The key distinctive of a study quiet time is the serious study of Scripture. If a half-hour is set aside for a quiet time, at least twenty minutes of it is Scripture study. An in-depth study of a passage using commentaries and a Bible dictionary is not unusual.

The study quiet time sinks our roots deep in Scripture. We lay up a rich store of spiritual truth that we can draw on throughout our lives. As we see how God works in the pages of Scripture, we learn to recognize his hand in our own lives. As we see how people responded to God, we are inspired—perhaps to seek God as David did, or to be more obedient than Saul was.

All that time in study leaves less time for prayer. Leisurely devotional worship gets crowded out. Prayer time is cramped: short, intense and task-oriented. It easily turns into a shopping list of things for God to do and problems for him to solve.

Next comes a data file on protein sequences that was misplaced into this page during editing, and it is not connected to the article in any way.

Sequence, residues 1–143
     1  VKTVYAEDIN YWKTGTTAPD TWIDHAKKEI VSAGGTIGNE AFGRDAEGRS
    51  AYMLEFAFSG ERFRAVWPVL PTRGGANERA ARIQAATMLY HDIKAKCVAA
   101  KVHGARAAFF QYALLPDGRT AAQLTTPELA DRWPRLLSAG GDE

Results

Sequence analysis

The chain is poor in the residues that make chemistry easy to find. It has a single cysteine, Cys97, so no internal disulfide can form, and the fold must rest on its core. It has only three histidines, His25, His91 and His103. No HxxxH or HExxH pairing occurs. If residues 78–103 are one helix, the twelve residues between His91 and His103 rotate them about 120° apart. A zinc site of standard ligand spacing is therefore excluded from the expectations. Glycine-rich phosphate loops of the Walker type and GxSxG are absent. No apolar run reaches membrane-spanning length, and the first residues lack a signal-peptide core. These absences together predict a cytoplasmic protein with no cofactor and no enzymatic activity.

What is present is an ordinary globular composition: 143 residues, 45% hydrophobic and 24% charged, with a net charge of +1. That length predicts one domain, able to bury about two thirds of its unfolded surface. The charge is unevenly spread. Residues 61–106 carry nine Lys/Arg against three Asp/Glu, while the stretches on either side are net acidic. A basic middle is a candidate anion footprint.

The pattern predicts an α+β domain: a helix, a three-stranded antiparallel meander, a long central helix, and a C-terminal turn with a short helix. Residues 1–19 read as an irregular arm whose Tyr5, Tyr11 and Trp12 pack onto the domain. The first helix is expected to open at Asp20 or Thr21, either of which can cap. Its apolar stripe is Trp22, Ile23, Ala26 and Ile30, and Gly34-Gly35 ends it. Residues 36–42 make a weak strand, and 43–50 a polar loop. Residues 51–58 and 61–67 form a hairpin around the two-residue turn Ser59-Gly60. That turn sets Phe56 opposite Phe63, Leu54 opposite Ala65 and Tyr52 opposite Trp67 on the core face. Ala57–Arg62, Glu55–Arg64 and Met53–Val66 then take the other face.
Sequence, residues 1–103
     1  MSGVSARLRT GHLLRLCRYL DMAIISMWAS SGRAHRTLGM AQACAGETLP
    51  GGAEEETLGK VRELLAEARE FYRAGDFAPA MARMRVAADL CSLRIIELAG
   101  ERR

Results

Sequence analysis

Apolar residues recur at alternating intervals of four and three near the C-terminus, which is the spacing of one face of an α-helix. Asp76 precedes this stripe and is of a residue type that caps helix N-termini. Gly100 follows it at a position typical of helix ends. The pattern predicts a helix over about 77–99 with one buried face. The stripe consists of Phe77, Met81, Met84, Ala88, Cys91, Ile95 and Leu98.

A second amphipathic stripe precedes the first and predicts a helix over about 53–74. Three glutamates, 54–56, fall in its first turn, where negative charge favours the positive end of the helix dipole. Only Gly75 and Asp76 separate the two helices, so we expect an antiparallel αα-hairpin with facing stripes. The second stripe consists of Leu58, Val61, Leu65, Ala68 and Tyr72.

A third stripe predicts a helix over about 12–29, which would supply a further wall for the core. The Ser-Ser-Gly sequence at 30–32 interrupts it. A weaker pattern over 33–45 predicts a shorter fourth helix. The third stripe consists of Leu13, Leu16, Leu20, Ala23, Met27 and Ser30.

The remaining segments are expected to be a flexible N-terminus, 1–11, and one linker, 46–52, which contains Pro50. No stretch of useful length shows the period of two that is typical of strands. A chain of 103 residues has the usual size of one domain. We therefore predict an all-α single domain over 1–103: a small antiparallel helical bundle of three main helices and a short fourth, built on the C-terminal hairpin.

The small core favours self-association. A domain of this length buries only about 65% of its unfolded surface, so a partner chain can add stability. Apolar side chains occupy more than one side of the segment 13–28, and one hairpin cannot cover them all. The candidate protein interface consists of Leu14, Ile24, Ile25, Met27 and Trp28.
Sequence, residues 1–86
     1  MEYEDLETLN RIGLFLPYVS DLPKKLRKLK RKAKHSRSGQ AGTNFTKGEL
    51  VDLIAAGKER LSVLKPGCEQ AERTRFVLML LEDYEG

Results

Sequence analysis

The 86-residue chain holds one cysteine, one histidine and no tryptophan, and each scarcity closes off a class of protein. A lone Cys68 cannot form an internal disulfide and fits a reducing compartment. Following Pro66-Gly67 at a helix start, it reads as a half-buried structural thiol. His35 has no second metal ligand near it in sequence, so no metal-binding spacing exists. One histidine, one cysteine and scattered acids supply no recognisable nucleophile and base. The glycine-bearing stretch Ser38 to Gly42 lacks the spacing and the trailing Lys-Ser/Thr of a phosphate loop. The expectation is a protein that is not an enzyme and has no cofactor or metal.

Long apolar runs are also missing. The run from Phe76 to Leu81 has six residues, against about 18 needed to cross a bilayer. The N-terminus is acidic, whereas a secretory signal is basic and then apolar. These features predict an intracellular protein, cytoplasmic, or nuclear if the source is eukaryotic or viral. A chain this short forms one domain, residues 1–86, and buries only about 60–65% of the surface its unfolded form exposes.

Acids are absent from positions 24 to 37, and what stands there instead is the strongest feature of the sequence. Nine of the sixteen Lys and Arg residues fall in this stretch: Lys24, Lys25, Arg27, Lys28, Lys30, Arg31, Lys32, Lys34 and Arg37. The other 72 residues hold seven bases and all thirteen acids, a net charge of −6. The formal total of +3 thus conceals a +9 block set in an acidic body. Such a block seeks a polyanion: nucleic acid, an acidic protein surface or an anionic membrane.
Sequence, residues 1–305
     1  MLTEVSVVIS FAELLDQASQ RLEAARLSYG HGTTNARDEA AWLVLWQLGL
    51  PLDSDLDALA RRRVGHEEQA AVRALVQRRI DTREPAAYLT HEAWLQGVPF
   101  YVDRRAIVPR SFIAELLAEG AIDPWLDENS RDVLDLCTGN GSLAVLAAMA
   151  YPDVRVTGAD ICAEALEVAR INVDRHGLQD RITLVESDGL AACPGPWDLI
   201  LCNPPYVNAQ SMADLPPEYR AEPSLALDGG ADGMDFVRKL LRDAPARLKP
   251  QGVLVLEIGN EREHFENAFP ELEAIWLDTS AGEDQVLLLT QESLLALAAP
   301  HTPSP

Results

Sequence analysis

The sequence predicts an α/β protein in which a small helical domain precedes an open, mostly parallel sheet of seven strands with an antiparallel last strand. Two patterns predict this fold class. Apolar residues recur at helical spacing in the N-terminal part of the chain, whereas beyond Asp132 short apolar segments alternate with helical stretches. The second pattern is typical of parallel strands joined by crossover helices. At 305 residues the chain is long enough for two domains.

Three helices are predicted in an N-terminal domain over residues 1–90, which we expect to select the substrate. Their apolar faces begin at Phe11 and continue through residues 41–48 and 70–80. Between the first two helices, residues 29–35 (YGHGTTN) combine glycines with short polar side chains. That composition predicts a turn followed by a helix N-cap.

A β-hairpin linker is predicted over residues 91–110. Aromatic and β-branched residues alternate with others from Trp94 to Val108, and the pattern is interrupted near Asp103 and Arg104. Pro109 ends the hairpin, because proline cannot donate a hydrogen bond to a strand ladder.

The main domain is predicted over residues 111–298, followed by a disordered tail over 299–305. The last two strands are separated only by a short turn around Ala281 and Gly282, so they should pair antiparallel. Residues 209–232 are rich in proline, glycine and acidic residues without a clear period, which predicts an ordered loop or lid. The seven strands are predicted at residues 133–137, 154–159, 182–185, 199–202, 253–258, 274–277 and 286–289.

In a study quiet time, it is possible to learn all kinds of information about God but not encounter God. Our study of Scripture may become a purely mental experience. We tend to assume that because we are studying Scripture, we are in touch with God. Remember the issue for our quiet time: “Am I meeting with God?” — Stephen D. Eyre, Drawing close to God: The Essentials of a Dynamic Quiet Time: A Lifeguide Resource (Downers Grove, IL: InterVarsity Press, 1995).

This article excerpted from The Discipleship Course.

The Discipleship Course is available on Amazon, as well as part of my Good Questions Have Groups Talking subscription service.

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